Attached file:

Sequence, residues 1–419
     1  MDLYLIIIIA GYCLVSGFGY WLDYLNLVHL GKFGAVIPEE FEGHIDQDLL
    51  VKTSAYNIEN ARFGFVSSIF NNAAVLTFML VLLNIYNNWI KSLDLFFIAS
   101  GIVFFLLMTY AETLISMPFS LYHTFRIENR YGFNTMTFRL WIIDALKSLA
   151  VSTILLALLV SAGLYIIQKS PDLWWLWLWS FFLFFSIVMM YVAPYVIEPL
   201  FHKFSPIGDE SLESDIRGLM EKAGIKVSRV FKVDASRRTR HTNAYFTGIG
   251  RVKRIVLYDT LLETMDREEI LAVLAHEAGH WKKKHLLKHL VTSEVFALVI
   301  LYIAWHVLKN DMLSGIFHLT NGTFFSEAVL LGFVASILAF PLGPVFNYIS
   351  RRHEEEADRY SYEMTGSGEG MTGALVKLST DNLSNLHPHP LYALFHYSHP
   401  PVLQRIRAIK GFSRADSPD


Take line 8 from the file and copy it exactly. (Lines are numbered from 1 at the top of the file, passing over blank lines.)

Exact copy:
   301  LYIAWHVLKN DMLSGIFHLT NGTFFSEAVL LGFVASILAF PLGPVFNYIS